film image USA, 14 mins, 2010. Director: Karen Nakamura.A young man dies unexpectedly at the age of 39. Over the next three days, we witness Japanese funeral rites with a twist - the man and his family are Christian.

11:50 am. Guests of Space.

film image Spain, USA, Mexico, 26 minutes, 2010. Director: Alba Mora.Guests of Space explores the first encounter between the Nukak Maku people and the white man in 1988. “We were very afraid of the white men because we thought that they were cannibals,” says Kirari, the tribe’s oldest man. Known as the last nomads to be contacted in South America, the Nukak Maku have lived a nomadic existence in the tropical forests of Southern Colombia for centuries. But today the Amazon lands that sustain the tribe are being overrun by Colombia’s drug war and the Nukak have been forced to relocate outside their territory. This film observes the collision of two alien worlds where settlers, missionaries, armed groups and Colombia’s drug war unexpectedly meet and confront.

12:30. Lunch Break.

1:00 pm. Jury Prize: First Runner-up. Voice Unknown.

film image USA, 32 mins, 2010. Director: Jinhee Park. Faith Kim (alias) is a North Korean refugee living in Syracuse, N.Y. This film represents the courageous choices she made during her escape from North Korea as well as her experiences of loss, displacement, and hope. As Voice Unknown is the first film about a North Korean refugee in the US, this film tells stories that have not previously been heard. The voice of one women's personal and emotional journey from North Korea to the US through China, Cambodia and Thailand will lead the viewers to reflect on experiences of exile through generations and will spark discussions about contemporary migration and borderless identities. North Korean refugees are unable to make their voices heard because they have to hide their identity to protect their remaining family in NOrth Korea. Making this film was a challenge and the narrative depicts a unique aesthetic to represent a person whose face cannot be shown.

1:40 pm. The Strangers of the Inca Trail.

film image USA, 32 mins, 2010 Director: Jamie Schreiber. This film follows a group of trekkers from all over the world, strangers who become a fleeting community during the four day trek through rugged, high altitude, mountain terrain. It is a post-modern narrative about transcultural communitas, global tourism, and the nature of documentary film-making.

2:20 pm. Men at Work.

film image UK/Austria, 32 mins, 2010. Director: Christine Moderbacher. Men at work depicts the daily working life of one of the few remaining institutions in Austria that still employs only men. They are responsible for a 39 km stretch of Austria's biggest highway and transit route, the A1. Inspired by the poem of a road worker, the film explores masculinity, danger and camaraderie between 35 men.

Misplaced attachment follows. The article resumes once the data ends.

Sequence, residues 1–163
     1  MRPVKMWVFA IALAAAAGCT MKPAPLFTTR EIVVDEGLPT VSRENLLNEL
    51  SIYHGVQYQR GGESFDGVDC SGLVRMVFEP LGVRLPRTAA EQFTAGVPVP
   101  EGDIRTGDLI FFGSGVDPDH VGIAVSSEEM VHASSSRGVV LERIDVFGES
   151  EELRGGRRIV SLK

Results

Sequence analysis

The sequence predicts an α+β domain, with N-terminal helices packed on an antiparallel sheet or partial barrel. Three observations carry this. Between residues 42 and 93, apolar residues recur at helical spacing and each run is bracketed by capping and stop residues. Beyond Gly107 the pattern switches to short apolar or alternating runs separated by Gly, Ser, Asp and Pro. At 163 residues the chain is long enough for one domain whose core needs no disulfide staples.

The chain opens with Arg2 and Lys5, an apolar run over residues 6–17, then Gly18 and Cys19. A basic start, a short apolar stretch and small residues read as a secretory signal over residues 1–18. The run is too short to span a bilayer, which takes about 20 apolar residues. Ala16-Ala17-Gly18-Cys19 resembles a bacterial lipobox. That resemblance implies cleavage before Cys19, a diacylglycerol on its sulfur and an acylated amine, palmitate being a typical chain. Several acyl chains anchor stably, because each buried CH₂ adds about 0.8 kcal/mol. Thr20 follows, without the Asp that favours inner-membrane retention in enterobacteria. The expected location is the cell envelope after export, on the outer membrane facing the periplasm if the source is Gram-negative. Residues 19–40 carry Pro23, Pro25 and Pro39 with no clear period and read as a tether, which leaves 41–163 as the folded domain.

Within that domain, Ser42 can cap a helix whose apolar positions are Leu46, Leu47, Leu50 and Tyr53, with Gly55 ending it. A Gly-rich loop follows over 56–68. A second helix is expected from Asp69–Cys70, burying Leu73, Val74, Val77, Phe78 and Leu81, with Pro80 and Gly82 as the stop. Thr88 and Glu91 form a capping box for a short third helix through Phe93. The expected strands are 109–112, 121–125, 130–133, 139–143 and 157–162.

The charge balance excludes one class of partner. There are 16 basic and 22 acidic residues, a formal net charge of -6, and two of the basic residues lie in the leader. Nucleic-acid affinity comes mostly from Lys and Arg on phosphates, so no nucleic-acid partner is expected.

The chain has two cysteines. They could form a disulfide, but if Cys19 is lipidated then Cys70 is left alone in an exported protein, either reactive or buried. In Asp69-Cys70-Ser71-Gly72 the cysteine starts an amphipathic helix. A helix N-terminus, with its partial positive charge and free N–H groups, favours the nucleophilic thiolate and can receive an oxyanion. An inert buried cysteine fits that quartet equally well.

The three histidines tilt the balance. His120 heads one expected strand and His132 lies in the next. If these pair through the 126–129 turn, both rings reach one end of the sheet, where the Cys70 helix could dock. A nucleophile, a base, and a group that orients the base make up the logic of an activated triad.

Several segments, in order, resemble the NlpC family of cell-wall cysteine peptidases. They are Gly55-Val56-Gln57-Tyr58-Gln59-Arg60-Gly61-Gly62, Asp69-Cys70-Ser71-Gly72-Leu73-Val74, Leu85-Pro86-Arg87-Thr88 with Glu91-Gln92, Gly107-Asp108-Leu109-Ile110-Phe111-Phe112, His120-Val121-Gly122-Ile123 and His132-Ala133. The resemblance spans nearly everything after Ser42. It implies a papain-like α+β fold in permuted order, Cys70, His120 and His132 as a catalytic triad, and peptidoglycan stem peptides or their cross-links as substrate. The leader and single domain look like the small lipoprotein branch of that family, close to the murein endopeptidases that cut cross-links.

3:00 pm. Cowboys: Rebels of the Vogtland.

film image USA, 28 min, 2010. Director: Eric O'Connell. Filmmaker and Visual Anthropologist, Eric O'Connell, explores a subculture of cowboys in the former East Germany. These people have adopted and adapted the lifestyle of the American Western Cowboy. Developing behind The Wall, cowboy represents ideas of freedom and individualism. Emerging from the shadows of Communism in 1989, Cowboy takes on a new face, representing for the East Germans many of the good things from Communism like helping one's neighbor, and the simple pleasures of a non-materialist country life represented in values of family, attachment to the land, and to animals. Atmospheric, observational and ethnographic, the story is told as much in images as in the skillful intertwining of varied interviews. Characters who have made a living under both that of communism and now capitalism reveal, in a visually rich film, why the cowboy thing is so symbolic for people of the former East. A short film (10-min. Cowboys: East Germany, The Americans) was made prior, asking American cowboys: Who can be a cowboy? And, What is Cowboy? Using video taken from a screening of this film with the Germans as meta-commentary, the Germans seem to respond to the Americans.

3:40 pm. BLOOD - an observational documentary.

film image USA/Thailand, 20 min, 2010. Director: Ryan White. On March 16, 2010, prior to violent clashes in Bangkok that left at least 91 dead, countless injured, and the city in flames, Thailand's red-shirt political party staged a controversial protest of blood to put a supernatural curse on the country's current government. Focusing on the events of this gruesome day. BLOOD unveils extensive recordings of protest songs, poems, chants, speeches, curses, marches and actions. Constructed entirely from observed material, BLOOD examines both the culture of the protest and the media frenzy surrounding the event, and in doing so reflects on issues of propaganda, social inequality, and exploitation.

4:00 pm. Jury Prize: Third Runner-up. Bastards of Utopia.